But, people have tried to pigeonhole us and asked us very specific questions about Africa. Even though we repeatedly say that it's a global product and we love Africa and we have a bunch of African cities on the app. But I always say to them, and actually, joke to Timi and Odu about this, non-Africans and men don't have this thing where people ask them, "Why are you not building for just your race or your gender?" But with women and with Africans, it's always that question. And even the type of product that we're building, social media, and a lot of the platforms that we love, respect, and know have been founded by men, predominantly white men.
But, when it comes to young Africans and African women, it's like, okay, you have to only solve for issues that are specific to you. And I feel that that limits us because we are part of the global world and we have a lot to offer.
Odunayo: I have dealt with being one of the only women in the tech ecosystem for as long as I've been in tech. So, it's mostly a reality for me. We get all these questions, but I think that the thing that helps the most is just trying to be hyper-aware of where you want to go with this. I spent so much time trying to fight the system, but I've learned now that what matters is representation. And as long as there's a woman there, more women will come and more women have come, they've continued to come.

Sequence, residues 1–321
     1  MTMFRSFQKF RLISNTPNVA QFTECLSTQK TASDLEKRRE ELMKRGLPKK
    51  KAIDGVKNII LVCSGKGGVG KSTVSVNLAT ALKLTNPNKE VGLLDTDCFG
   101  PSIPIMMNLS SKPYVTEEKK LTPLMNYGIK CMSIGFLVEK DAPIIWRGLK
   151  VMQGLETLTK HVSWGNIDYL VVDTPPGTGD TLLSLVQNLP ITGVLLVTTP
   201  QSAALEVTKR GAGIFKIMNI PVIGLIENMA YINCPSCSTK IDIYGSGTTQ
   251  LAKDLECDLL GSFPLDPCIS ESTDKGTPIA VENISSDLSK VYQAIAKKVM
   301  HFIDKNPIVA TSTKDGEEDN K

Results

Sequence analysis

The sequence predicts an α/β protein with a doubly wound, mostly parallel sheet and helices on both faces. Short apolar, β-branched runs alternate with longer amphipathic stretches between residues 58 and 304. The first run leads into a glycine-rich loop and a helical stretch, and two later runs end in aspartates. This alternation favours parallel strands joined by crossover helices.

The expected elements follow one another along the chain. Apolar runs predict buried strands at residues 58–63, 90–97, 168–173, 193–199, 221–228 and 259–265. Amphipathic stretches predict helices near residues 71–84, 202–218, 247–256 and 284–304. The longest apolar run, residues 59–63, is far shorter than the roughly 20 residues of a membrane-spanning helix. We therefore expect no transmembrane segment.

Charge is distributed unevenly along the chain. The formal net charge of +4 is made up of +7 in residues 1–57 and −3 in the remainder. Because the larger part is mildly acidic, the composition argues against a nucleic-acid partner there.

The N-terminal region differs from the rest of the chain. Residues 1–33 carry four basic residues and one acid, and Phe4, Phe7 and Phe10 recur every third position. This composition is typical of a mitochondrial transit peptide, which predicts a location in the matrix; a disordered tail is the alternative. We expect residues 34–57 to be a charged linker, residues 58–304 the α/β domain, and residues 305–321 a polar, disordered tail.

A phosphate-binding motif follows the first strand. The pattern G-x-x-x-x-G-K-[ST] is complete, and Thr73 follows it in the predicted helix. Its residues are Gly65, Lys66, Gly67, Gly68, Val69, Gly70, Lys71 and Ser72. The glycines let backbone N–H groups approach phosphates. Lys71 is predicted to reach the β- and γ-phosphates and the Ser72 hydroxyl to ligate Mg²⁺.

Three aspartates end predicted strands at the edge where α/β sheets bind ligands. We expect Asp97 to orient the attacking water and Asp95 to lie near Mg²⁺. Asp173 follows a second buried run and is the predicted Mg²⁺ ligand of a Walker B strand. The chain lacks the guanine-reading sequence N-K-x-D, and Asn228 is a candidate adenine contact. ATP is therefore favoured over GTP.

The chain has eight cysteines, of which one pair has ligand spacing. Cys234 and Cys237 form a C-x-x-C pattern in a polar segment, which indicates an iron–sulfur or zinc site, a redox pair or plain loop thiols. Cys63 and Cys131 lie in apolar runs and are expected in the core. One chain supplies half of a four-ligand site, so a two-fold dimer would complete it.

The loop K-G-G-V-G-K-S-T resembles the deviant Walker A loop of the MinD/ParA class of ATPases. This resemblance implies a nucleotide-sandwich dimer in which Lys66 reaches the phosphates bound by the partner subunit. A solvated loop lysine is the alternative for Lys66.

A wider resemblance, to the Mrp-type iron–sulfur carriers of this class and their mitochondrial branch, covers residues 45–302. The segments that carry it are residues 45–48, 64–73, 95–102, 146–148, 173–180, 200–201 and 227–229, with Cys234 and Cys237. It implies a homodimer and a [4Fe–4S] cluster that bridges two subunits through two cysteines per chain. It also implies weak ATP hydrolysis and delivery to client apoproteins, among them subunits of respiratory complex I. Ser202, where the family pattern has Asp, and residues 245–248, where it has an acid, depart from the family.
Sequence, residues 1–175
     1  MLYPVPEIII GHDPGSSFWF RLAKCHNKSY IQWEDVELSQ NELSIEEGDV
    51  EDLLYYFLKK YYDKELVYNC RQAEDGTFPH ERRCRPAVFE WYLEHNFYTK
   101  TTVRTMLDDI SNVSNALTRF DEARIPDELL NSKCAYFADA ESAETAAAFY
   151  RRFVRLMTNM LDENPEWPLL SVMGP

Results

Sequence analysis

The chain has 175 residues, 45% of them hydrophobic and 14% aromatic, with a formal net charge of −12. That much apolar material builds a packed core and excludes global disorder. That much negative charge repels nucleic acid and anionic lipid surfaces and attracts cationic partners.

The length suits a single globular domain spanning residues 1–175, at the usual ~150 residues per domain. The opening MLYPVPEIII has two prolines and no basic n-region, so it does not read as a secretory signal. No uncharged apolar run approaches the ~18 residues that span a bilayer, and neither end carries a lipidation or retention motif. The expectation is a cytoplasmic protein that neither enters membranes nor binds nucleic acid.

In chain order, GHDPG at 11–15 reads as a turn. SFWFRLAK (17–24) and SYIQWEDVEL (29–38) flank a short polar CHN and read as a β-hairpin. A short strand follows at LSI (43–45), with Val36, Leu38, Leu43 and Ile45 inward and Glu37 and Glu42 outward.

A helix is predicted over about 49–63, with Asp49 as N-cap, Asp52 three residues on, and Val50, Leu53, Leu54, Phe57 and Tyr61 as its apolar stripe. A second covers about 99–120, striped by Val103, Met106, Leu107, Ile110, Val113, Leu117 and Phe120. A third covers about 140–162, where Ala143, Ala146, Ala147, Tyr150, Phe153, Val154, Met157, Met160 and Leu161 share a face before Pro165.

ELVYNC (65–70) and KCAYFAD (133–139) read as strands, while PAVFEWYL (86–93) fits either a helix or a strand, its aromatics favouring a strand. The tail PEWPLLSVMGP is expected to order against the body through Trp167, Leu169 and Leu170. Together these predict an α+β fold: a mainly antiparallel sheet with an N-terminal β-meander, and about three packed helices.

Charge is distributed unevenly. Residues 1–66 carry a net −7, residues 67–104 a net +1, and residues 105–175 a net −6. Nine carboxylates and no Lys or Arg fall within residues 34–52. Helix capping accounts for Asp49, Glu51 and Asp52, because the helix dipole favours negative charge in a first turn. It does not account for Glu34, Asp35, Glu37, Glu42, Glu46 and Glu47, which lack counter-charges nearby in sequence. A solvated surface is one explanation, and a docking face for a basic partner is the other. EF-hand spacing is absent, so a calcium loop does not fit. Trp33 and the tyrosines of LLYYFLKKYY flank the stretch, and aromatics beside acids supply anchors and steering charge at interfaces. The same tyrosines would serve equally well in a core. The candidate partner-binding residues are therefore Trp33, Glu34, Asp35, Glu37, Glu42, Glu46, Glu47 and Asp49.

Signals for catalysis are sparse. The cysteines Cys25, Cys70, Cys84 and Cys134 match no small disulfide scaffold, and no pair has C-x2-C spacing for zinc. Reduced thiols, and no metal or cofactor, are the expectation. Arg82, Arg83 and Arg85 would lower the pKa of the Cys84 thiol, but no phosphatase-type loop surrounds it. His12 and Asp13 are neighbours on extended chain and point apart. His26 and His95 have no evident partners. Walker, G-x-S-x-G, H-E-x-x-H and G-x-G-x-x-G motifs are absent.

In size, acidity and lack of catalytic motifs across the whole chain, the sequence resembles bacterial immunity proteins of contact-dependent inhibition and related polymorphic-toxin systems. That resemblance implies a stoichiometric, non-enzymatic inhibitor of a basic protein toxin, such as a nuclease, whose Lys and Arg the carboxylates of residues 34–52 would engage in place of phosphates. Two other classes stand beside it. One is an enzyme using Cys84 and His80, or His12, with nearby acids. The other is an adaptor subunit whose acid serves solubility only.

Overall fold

I've also come to learn that we're not going to be able to fix an imperfect system by continuing to talk at it. So you're going to continue to see people like myself and Dami create a company like Backdrop, essentially deciding that the rules that have been put in place where they say, "You can't do this. You cannot start a company from Nigeria for the global market." We had found out you cannot do what I wanted at the time. I personally don't care about these rules, none of my co-founders do. We just continue to break those rules and continue to make our own way, continue to do it in the way that we want it.
What advice do you have for young Africans who are interested in pursuing tech? Not only on the continent but on a global scale.
Odunayo: The dream is to have young Nigerians, young Africans, and especially African women, want to do something and then just going ahead and doing it. I can draw on my own personal experience. I pretty much live my life exactly the way I wanted to live it. If I have an idea and I want to explore it, I go ahead and do it. Sometimes that doesn't work out. I have several failed companies that I've built. But sometimes it does, like the reason why I'm doing this interview. And so I would like more people to walk in that confidence of knowing that the worst that can happen is failure, and a lot of us don't have a healthy relationship with failure because of how our society has positioned it. So people don't take risks so that they don't fail. But when you want to see it from younger people, people who are coming after us is you have to take risks to shatter the limitations that society places on you. Especially if you're a woman.
Every day, men are applying for roles they are not fully qualified for. Topics that they are not well-versed in. But women are very careful, we don't want to disappoint. I don't like that. So I think that a lot more of us should just do it, just go for it. What's the worst that can happen?
Backdrop is available for download on the Apple store here.